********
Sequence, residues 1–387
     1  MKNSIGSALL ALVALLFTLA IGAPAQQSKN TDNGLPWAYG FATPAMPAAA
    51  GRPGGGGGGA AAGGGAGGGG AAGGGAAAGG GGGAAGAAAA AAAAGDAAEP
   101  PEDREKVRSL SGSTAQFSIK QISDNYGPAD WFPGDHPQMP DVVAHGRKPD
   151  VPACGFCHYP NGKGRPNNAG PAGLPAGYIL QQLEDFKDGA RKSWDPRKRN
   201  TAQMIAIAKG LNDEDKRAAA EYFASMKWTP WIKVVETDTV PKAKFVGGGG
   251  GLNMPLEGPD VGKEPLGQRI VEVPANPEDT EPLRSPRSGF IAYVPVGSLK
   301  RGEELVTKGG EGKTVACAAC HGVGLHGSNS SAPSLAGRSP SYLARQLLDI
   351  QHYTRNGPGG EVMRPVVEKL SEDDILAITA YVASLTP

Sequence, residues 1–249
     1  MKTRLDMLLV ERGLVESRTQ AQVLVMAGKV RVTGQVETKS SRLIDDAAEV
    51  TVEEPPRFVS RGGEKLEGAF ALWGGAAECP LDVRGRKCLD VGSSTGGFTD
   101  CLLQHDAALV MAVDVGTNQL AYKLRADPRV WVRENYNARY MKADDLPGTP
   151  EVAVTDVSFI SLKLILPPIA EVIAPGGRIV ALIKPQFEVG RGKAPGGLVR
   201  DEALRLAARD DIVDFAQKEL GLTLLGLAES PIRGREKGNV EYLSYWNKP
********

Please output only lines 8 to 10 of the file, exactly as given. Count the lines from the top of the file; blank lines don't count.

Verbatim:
   301  RGEELVTKGG EGKTVACAAC HGVGLHGSNS SAPSLAGRSP SYLARQLLDI
   351  QHYTRNGPGG EVMRPVVEKL SEDDILAITA YVASLTP

Sequence, residues 1–249